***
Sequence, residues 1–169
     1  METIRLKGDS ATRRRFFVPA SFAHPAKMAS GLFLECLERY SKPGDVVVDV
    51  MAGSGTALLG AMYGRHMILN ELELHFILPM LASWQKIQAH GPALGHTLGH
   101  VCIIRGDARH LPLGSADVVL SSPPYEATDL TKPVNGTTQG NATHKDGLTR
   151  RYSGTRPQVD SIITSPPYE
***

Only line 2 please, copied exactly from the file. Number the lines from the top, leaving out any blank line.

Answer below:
     1  METIRLKGDS ATRRRFFVPA SFAHPAKMAS GLFLECLERY SKPGDVVVDV